The story of coffee begins with a small red berry,
Turned into a drink that is drunk by many.
Founded in Ethiopia, so the story goes,
Eaten by goats that a local farmer owned.
The berry gave them so much energy, unexplainable it seemed,
Until Kaldi the farmer saw what was hidden in the leaves.
He discovered red berries, sighting them as the source,
He was right about this, they were in fact the cause.
Kaldi was curious and decided to taste them too,
Eventually sharing his experience with a special few.
They felt the same effect after believing what Kaldi had said,
And so word of the discovery began to spread.
A new drink was born known as coffee today,
However, there are rumours it was discovered in another way.
A disciple in Mocha, exiled and in need of food,
Spotted some berries, so on them he chewed.
The berries were bitter, the taste was bad,
He boiled them instead, consuming the first coffee ever had.
It’s hard to say which event happened first,
But it’s clear coffee provides many with a much-needed energy burst.
Coffee made its way to Yemen and further beyond,
It was luxury and foreign, so many were fond.
Travellers had tasted coffee on their trips,
Then returned home to tell stories of its taste on their lips.
The Europeans in particular seeked out this exotic new drink,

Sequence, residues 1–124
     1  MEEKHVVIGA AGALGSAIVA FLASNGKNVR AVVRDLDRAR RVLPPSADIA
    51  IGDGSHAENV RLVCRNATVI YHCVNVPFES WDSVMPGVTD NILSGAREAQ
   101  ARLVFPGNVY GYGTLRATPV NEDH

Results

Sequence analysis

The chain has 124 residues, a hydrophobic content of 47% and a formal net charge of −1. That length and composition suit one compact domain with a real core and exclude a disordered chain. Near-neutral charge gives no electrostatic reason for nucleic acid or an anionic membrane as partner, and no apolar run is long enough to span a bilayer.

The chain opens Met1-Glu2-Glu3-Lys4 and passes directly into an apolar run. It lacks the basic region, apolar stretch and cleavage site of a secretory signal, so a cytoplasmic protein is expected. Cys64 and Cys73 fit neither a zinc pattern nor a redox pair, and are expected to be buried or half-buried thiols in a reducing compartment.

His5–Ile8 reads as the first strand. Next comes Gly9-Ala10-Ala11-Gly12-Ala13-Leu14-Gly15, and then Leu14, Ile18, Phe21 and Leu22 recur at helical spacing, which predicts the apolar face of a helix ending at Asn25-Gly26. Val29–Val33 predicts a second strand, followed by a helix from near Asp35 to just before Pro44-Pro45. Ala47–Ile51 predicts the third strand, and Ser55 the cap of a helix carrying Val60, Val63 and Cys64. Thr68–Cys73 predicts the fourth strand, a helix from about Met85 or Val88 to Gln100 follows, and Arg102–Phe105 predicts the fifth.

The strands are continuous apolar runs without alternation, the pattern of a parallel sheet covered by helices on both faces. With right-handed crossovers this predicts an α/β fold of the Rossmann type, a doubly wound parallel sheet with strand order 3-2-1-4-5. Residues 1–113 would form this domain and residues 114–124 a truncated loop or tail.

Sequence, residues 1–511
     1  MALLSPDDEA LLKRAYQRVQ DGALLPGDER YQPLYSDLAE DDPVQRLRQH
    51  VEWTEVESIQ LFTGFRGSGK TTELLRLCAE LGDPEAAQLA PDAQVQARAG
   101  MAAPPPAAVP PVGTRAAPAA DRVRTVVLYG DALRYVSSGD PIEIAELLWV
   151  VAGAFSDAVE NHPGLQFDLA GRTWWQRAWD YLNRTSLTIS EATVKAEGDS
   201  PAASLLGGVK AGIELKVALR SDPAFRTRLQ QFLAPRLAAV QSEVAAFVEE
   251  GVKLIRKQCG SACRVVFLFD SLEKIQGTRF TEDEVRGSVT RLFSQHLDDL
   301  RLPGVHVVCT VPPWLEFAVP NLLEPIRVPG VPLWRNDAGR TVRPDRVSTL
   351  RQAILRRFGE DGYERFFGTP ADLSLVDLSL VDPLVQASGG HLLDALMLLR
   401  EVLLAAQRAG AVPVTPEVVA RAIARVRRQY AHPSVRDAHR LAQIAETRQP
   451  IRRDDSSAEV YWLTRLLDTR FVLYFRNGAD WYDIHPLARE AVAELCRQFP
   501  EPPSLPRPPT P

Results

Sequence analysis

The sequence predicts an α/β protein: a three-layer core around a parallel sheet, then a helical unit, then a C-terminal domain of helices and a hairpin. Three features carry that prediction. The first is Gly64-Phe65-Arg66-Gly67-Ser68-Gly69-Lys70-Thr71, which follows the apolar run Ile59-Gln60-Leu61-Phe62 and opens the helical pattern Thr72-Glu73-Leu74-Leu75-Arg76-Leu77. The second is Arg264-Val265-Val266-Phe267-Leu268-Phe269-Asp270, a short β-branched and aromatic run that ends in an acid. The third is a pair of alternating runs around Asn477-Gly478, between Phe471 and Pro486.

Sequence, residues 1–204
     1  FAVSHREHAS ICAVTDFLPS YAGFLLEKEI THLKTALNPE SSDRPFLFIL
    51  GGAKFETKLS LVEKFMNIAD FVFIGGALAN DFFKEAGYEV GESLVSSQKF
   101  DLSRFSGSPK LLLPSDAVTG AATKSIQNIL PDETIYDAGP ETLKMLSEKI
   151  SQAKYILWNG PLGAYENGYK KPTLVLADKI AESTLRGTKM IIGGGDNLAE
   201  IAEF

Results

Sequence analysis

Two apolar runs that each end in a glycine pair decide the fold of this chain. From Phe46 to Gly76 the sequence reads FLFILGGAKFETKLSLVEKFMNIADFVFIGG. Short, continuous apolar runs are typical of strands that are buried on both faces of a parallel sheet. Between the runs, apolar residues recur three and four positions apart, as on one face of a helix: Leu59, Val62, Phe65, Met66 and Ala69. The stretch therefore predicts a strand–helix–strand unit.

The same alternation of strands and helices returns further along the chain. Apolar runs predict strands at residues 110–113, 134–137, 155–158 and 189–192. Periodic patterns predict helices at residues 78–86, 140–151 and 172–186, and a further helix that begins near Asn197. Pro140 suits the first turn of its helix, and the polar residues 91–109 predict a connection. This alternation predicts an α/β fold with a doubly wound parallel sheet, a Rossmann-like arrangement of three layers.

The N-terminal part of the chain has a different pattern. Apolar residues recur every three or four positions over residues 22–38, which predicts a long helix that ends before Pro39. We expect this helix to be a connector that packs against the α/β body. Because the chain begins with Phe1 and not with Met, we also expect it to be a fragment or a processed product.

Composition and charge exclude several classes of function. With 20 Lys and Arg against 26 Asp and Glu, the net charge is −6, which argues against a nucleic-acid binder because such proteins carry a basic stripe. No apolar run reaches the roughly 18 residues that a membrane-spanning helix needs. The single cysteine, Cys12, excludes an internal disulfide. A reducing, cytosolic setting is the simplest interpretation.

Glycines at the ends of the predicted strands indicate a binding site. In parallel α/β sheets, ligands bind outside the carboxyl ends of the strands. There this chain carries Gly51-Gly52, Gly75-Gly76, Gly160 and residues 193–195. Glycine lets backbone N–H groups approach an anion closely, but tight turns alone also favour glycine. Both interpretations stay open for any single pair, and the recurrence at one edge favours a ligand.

But the price was too high, so they had to rethink.
They cultivated the plant in places they had colonised,
Causing the demand for slaves to rise.
The Caribbean and Java were just some of the places chosen,
Along with Guatemala where Indigenous Mayan lands were stolen.
Across the world colonists stole the rights of nations,
Forcing them to work on coffee plantations.
With no rights and no choice, suffering oppression and exploitation,
These countries were abused, all for coffee cultivation.
To keep up with demand, goods and slaves were frequently traded,
Across a route known as the Triangular Trade, involving three main stages.
West Africa to the Caribbean, then to Europe, each time,
Sending slaves and goods repeatedly across major trading lines.
Over in Brazil millions of African slaves arrived,
And so it became the largest coffee producer of all time.
See in Brazil the land was vast, as forests spread far and wide,
So colonists destroyed the land, as coffee demand continued to rise.
To this day coffee remains one of the most frequent commodities traded,
A drink so sought after, its popularity has never faded.
Its story is a mix of both bad and good,
But often its history is not fully understood.
For some, it affects their livelihood and homes,
Causing environmental destruction in order to be grown.
In many cases, its a popular way of socialising,
It seems no matter what, the desire for coffee will continue rising.